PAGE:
Drive Your Plow over the Bones of the Dead by Olga Tokarczuk

Translated from the Polish by Antonia Lloyd Jones, co-funded by the Creative Europe Programme of the European Union

Polish writer and activist Olga Tokarczuk (t’ KAR chook) won the Nobel Prize for Literature 2018 and the 2018 Booker International Prize for her novel Flights

Drive Your Plow over the Bones of the Dead (2009) was finally published in English in 2019.

It is about an old woman, Janina Duszejko – she doesn’t like her first name and prefers to be addressed as Mrs. Duszejko – who lives alone on a high wind-swept plateau in the south-west of Poland, close to the border with the Czech Republic.

In her youth she was an engineer, built bridges in Syria, had an affaire with a Protestant, but shared her bed with a Catholic, and now teachers English one day a week to 12 year olds. She believes in astrology; that Animals have reasoning and seek Vengeance ; and writes essays to magazines about the fascinating connection between Astrology and TV programming. But she has Ailments, a vivid imagination and raw emotions just below the surface where the pain of her Ailments live – simple nouns like Ailments and Folly are capitalised, like in the works of William Blake, from where the title comes. She has Theories, including why people find other people attractive, but some not, about almost everything; why magpies need lots of bathes, why foxes run in straight lines, and why Evolution is not about adaptation but about Beauty. And buys clothes too big for her, she likes the freedom. A vivid Dreamer of her dead family – her Mother and Grandmother appear to her in her boiler room dressed and ready for church – and a believer in a planet crossing an invisible point that causes two red fruits to fall from a wild rose bush. She cries easily.

She tends to the houses abandoned by their owners in the winter and wants to write her autobiography. She calls people, not by their given names but by what they suggest: Oddball, Dizzy, Dig Foot, Good News, and Black Coat. She finds words like ‘priority’, ‘cadaver’, and ‘cohabitee’ ugly and hideous.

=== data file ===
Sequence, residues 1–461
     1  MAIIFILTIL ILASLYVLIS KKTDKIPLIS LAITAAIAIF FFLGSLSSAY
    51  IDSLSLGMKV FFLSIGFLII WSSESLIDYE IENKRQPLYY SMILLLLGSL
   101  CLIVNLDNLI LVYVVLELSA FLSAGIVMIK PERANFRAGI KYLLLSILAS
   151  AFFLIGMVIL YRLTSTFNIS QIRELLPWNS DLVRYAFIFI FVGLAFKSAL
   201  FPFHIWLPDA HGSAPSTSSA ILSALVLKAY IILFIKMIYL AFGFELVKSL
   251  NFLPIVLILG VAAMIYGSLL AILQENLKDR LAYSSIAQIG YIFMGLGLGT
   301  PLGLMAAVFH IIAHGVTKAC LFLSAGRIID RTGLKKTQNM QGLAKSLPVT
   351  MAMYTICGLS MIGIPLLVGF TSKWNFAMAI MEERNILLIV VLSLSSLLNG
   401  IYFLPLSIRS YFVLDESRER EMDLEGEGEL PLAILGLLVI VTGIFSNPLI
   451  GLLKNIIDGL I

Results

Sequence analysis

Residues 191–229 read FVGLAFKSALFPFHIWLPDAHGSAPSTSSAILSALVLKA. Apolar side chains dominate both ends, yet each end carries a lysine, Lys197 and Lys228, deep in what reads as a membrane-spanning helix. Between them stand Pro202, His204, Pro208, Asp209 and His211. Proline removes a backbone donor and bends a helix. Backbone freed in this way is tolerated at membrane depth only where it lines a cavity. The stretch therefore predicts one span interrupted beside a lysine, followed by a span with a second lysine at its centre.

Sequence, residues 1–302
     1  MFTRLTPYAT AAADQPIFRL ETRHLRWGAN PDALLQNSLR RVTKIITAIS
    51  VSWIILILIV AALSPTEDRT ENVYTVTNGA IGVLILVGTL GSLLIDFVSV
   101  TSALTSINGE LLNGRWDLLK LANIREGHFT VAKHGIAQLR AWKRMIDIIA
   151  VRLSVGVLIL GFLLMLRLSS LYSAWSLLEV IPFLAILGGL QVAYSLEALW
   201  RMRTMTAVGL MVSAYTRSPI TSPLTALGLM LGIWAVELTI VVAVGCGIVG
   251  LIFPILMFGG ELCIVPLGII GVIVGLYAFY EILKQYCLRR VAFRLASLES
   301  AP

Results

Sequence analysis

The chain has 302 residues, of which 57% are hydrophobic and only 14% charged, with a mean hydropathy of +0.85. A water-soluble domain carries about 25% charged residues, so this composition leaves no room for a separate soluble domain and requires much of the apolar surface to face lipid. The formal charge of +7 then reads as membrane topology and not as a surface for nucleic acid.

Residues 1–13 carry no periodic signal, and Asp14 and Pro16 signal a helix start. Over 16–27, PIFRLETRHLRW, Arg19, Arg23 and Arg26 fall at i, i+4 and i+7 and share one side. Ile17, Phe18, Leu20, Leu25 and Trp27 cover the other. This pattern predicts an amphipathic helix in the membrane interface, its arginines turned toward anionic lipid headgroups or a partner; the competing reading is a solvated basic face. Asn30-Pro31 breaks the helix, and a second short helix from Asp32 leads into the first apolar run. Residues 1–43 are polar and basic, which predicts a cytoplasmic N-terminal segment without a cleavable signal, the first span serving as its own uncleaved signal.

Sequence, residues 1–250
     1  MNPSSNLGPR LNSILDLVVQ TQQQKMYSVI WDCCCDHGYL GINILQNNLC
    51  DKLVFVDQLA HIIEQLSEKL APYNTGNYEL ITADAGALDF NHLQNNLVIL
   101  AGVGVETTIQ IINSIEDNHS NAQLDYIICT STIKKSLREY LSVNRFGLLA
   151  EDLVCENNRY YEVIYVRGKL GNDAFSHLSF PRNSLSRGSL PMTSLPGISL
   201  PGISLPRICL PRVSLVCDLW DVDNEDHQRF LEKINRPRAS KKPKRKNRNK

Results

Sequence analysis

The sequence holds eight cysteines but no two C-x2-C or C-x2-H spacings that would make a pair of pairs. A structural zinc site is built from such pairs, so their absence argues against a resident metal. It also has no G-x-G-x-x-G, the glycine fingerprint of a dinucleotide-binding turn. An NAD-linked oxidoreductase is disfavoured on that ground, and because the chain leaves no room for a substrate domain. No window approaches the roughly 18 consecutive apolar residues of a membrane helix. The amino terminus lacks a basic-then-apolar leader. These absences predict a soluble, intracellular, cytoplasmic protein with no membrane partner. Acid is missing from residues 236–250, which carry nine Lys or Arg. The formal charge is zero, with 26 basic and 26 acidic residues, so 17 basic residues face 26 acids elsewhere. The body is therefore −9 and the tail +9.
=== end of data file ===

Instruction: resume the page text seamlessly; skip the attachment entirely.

The story opens with a death, a strange death, and is followed by three others; all victims are hunters and Mrs. Duszejko is certain the deaths are deliberately caused by Animals, deer, foxes, and boars, in retribution for the regular slaughter of their relatives by these criminals. And she sets out to prove it.

Her neighbours call her that crazy old woman.

The story is told in the first person, from the mouth of this crazy old woman. This allows for Tokarczuk’s theme, society’s disdain for the marginalised, their fear of the other but never is this message didactic; it is told with humour, irony, and a lightness of touch. The writing is adventurous, unexpected, insightful, (“Are you religious?” “Yes.” “What?” “An atheist.”), and a joy to read, and, in the end, it is about how there is really nothing called evil, it doesn’t exist; there is just need, sometimes misguided, overwrought, and out of all proportion, but need nonetheless.

The Stars and the Planets are Right about everything, except us humans sometimes get in the way and always for selfish reasons. As Mrs. Duszejko says, “The fact that we don’t know what’s going to happen in the future is a terrible mistake in the programming of the world. It should be fixed at the first opportunity.”

Here is a telephone interview with Olga Tokarczuk about her Nobel Prize win. She took the call while driving in a car in Germany.

You can listen to Tocarczuk talk about writing and Poland (with English Sub-titles) here.